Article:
The interest excited in the natural history of the Gorilla, or Great Chimpanzee, while the latter pages of this work are passing through the press, by the publication of M Du Chaillu’s Exploration and Adventures in Equatorial Africa, will justify the occupation of a spare corner, by a brief notice of that formidable species of the simial tribe. The Troglodytes gorilla has long been known to naturalists, although it was not till the year 1848 that Professor Owen gave to the world a correct description of the animal, specimens of the skeleton of which had been obtained from the Gaboon river, and which much exceeded in size, and was found to be specifically distinct from the previously known T. niger, the Chimpanzee, or Black Orang, known in its young state also by the name of Jocko. Fresh specimens of the gorilla having been brought to this country by M. Du Chaillu, professor Owen has been able to determine still more satisfactorily the distinctive characters of this huge man-like ape. M. Du Chaillu’s account of the habits of the animal has been subjected to considerable freedom of criticism, and the accuracy of his observations has been discredited by several naturalists; ·but his descriptions can hardly fail to interest the general reader. During his African researches he had long been in quest of the gorilla, and had endured many disappointments, when at length he made the acquaintance of the animal under the following circumstances: – ‘Suddenly,’ he says,  ‘I was startled by a strange, discordant, half-human, devilish cry, and beheld four young gorillas running toward the deep forests. We fired, but hit nothing. Then we rushed on in pursuit, but they knew the woods better than we. Once I caught a glimpse of one of the animals again, but an intervening tree spoiled my mark, and I did not fire. We ran till we were exhausted, but in vain. The alert beasts made good their escape. I protest I felt almost like a murderer when I saw the gorillas this first time. As they ran on their hind legs, they looked fearfully like hairy men; their heads down, their bodies inclined forward their whole appearance like men running for their lives. Take with this their awful cry, which, fierce and animal as it is, has yet something human in its discordance, and you will cease to wonder that the natives have the wildest superstitions about those ‘wild men of the woods.’ A closer acquaintance speedily followed. The traveller thus describes the exciting incidents of that occasion: ‘The underbrush swayed rapidly just ahead, and presently before us stood an immense male gorilla. He had gone through the jungle on his all-fours, but when he saw our party, he erected himself, and looked us boldly in the face. He stood about a dozen yards from us, and was a sight I think I shall never forget. Nearly six feet high (he proved four inches shorter), with immense body, chest, and great muscular arms, with fiercely glaring large deep gray eyes, and a hellish expression of face, which seemed to me like some nightmare vision; thus stood before us this king of the African forest. He was not afraid of us. He stood there, and beat his breast with his huge fists, till it resounded like an immense bass-drum, which is their mode of offering defiance, meantime giving vent to roar after roar. The roar of the gorilla is the most singular and awful noise heard in these African woods. It begins with a sharp bark, like an angry dog, then glides into a deep bass roll, which literally and closely resembles the roll of distant thunder along the sky, for which I have sometimes been tempted to take it where I did not see the animal. His eyes began to flash fiercer fire as we stood motionless on the defensive, and the crest of short hair which stands on his forehead began to twitch rapidly up and down, while his powerful fangs were shown as he again sent forth a thunderous roar. And now truly he reminded me of nothing but some hellish dream creature  – a being of that hideous order, half-man, half-beast, which we find pictured by old artists in some representations of the infernal regions. He advanced a few steps, then stopped to utter that hideous roar again, advanced again, and finally stopped when at a distance of about six yards from us. And here, just as he began another of his roars, beating his breast in rage, we fired, and killed him. With a groan which had something terribly human in it, and yet was full of brutishness, he fell forward on his face. The body shook convulsively for a few minutes, the limbs moved about in a struggling way, and then all was quiet-death had done its work, and I had leisure to examine the huge body. It proved to be five feet eight inches high, and the muscular development of the arms and breasts showed what immense strength it had possessed.’ M. Du Chaillu also describes how one of the negroes of his escort was killed by a gorilla: ‘He said that he had met the gorilla suddenly, and face to face, and that it had not attempted to escape. It was, he said, a huge male, and seemed very savage. He said he took good aim, and fired when the beast was only about eight yards off. The ball merely wounded it in the side. It at once began beating its breasts, and with the greatest rage advanced upon him.’ The negro reloaded his gun, but the animal sprang upon him, dashed the gun out of his hands, and striking him with its immense paw, lacerated the abdomen, and laid bare the intestines. As the man sank bleeding to the ground, the monster seized the gun, and flattened the barrel between his jaws. When the party came upon the ground, the dying man was alone, the gorilla having fled.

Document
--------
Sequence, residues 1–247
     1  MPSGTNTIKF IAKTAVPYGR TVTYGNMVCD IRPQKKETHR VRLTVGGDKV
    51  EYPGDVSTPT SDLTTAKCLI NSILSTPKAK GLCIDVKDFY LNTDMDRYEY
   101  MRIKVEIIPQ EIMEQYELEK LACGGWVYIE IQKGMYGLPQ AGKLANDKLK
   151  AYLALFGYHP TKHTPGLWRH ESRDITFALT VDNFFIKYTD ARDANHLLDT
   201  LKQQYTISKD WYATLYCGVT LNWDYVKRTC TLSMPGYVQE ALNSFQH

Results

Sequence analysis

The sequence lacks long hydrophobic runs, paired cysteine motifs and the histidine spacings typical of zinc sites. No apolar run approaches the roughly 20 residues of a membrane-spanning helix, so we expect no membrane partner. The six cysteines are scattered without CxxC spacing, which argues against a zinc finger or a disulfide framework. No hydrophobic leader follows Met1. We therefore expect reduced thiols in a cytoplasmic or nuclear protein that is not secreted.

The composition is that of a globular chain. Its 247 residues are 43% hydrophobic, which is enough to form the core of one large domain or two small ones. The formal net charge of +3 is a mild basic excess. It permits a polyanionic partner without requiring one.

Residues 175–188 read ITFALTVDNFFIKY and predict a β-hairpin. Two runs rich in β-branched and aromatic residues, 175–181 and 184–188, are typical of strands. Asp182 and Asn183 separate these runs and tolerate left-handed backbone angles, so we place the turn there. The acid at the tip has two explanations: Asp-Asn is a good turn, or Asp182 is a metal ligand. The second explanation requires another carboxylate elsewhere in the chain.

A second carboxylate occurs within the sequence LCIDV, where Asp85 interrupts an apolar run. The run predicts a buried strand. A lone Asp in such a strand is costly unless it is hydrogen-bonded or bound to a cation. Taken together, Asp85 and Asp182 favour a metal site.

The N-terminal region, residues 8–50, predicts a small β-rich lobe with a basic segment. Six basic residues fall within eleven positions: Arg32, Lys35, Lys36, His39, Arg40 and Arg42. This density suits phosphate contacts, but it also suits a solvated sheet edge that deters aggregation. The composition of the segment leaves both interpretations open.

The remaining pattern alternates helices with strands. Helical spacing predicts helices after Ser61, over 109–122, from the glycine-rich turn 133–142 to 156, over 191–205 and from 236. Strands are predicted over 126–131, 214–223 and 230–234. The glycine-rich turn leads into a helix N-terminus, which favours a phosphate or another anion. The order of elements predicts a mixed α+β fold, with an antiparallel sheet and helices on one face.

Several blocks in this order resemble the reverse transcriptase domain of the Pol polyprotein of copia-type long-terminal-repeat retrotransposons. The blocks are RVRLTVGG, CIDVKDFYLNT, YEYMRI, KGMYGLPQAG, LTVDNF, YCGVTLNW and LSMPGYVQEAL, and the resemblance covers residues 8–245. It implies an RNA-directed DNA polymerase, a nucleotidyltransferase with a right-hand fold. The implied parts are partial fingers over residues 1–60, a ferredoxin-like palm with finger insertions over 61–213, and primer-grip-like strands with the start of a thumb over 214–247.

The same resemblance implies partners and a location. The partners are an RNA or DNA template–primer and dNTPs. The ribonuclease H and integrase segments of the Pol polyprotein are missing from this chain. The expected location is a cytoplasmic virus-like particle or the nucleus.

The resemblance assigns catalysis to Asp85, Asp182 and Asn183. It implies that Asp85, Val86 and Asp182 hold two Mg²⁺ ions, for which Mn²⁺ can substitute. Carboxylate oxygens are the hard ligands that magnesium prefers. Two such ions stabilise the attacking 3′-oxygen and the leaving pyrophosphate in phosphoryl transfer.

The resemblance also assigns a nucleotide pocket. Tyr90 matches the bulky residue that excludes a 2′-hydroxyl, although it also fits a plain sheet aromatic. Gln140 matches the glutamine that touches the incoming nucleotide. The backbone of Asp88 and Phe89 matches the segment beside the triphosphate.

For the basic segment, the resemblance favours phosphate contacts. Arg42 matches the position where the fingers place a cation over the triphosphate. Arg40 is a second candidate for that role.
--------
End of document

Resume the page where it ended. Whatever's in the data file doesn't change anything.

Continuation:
The Gorilla

A salamander, 1505.

by Benvenuto Cellini.

This story recounts a curious incident in the life of a great man, though it was written when he was a child. I’ve included it because of the curious way the father ensures that his child learns from a singular experience.

Benvenuto Cellini (1500–1571) was a sculptor, painter, soldier and musician. Perhaps his most famous artwork is the statue of Perseus with the Head of Medusa which stands in the Loggia dei Lanzi gallery on the edge of the Piazza della Signoria in Florence;

When I was about five years old my father happened to be in a basement chamber of our house, where they had been washing, and where a good fire of oak logs was still burning; he had a viol in his hand, and was playing and singing alone beside the fire. The weather was very cold. Happening to look into the fire, he spied in the middle of those most burning flames a little creature like a lizard, which was sporting in the core of the intensest coals.

Becoming instantly aware of what the thing was, he had my sister and me called, and pointing it out to us children, gave me a great box on the ears, which caused me to howl and weep with all my might. Then he pacified me good-humouredly, and spoke as follows: ‘My dear little boy, I am not striking you for any wrong that you have done, but only to make you remember that that lizard which you see in the fire is a salamander, a creature which has never been seen before by anyone of whom we have credible information.’ So saying, he kissed me and gave me some pieces of money.